spectra The Couve Moderator Staff Member Bronze Supporter

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    I am not an expert but agree with Cheese. After watching vids and reading up on it I think the extra few dollars is worth it to get the Mylar bags and seal it in there and then put it in a bucket.
     
  12. Father of four

    Father of four Portland, Oregon Well-Known Member

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    I was afraid you were gonna say that. I too have heard about the mylar bags. I was hoping the way we did it would work. I too have seen the videos on mylar bags and how to seal them. I was just trying to save a few bucks. Thanks for the offer The Cheese. I am on the North East side of Portland and would take your up on you offer if we lived closer.

    I will open up a bucket tomorrow to see what had happened. I will still use the freezer bags for dividing up the food. How long do you think it would take to use up 5gal of salt? 5gal of baking powder? :D

    Thanks for your comments everyone.
     
  13. Dell_dude

    Dell_dude Vancouver, WA Member

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    If you opened the bag with the absorbers, it's probably toast by now.

    Those things start working immediately.

    When I've used them, I cut open the bag, grab the ones I needed, quickly toss them in the buckets and seal.

    Then take the remainder, put them in a zip lock, and put that inside another bucket that has a gamma seal.

    Now that I have a vacuum sealer, I'll just reseal them after I grab what I need.

    Bottom line is, don't let the packets be exposed to air for any length of time longer than needed.
     
  14. Bazooka Joe

    Bazooka Joe Lower Yakima Valley Well-Known Member

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    NitroPak has ziploc mylar bags. These are more expensive per bag than the ones you have to seal with the hot sealer, but with the benefit of easy resealing and not having to buy and expensive sealer. Depending on how much food you are sealing, it may be more cost effective to use the ziploc mylar bags.
     
  15. The Cheese

    The Cheese somewhere special Member

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    salt, a long time. Don't know if I would even bother with the O2 in the salt. Definitely don't do it with sugar. For some reason it turns sugar into one solid mass. As for the baking powder, a couple things. Once it is opened it has a limited life span, or so I am told. Also, a lot of BP contains aluminum. Rumford brand does not and it actually works a lot better than the aluminum stuff. And Aluminum is not really a good thing to have a lot of in your body from what I hear. Really for me, we keep about 5-6 cans on the shelf (unopened) as we don't go through a ton of it. I base a lot of what we store on how much, approximately, we go through in a year. Some stuff keeps really well indefinitely, other stuff gets real bad real quick like freeze dried stuff. Once you open a can of FD stuff, it wants to immediately start rehydrating. Thus when you open a can of freeze dried something you really want to plan to use it up relatively quickly. Thats why I don't do a lot of FD stuff. Mainly berries as they make great snacks for the kids.

    How we have our food stuffs situated is so that we use it and restock it regularly. When I open a can or jar or bag of something I date when it was opened. That way I can monitor how long it takes to consume. Then I know how much to have on hand. Like peanut butter. From this I have gathered that under normal circumstances we use 1 48oz jar of Jif per month roughly. 12 jars and we are GTG or add 20% for just in case.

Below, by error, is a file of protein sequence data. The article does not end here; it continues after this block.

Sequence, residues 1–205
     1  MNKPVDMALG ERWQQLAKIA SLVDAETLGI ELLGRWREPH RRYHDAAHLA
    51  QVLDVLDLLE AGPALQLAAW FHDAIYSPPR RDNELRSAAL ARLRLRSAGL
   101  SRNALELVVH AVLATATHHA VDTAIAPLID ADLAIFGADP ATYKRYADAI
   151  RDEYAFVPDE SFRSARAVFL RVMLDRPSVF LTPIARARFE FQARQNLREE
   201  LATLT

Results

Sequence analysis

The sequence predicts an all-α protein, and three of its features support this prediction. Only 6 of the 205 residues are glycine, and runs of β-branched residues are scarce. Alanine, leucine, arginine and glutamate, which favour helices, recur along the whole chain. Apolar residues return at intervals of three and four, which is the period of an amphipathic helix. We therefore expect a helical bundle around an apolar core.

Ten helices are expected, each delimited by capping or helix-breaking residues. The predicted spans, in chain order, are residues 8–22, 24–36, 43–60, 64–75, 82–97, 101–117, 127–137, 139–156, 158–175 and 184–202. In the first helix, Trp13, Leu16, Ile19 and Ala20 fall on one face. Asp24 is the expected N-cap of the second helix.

Anyway, I might be heading out to miluwakie tomorrow evening if you wanted to meet up. Will probably be at the Gun Show on Friday as well.
     
  16. Father of four

    Father of four Portland, Oregon Well-Known Member

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    Thanks. I sent you a PM The Cheese.
     
  17. cyborg

    cyborg Oregon City Active Member

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    The Cheese, are you suggesting that using O2 absorbers in sugar storage will turn it into a lump? I have never heard this.

    ALso guys...I heard that trash bags are treated with pesticides and should not be in contact wit h your food at all. I have used vac pack bags and Mylars in my stores.
     
  18. The Cheese

    The Cheese somewhere special Member

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    that is what I was told at the LDS dry pack cannery. And if you think about it, sugar never really goes bad as long as its kept in an air tight container and what not. Just like with salt, I see no need to suck the air out. Simple solution to this problem is to keep a year's supply of sugar on hand, and rotate through that supply over the course of the year. This is the way all of your food storage/supply should be anyway.
     
  19. cyborg

    cyborg Oregon City Active Member

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    HMMm? I have put my sugar away in Mylar bags inside 5 gal buckets. Inside the Mylars I put O2 absorbers. Seems to me that removing O2 wouldnt directly have any effect on the sugar...but I was just thinking... they do generate heat when they are working...that might do it. Oh well, I will wait a year and check my sugar and see how it is doing.
     
  20. The Cheese

    The Cheese somewhere special Member

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    I am not sure, but maybe when its sucking out the air it compacts it some how, or maybe there is some sort of chemical reaction taking place or something. I don't know. I do know that I have used sugar that was 2-3 years old out of a #10 and it was just fine.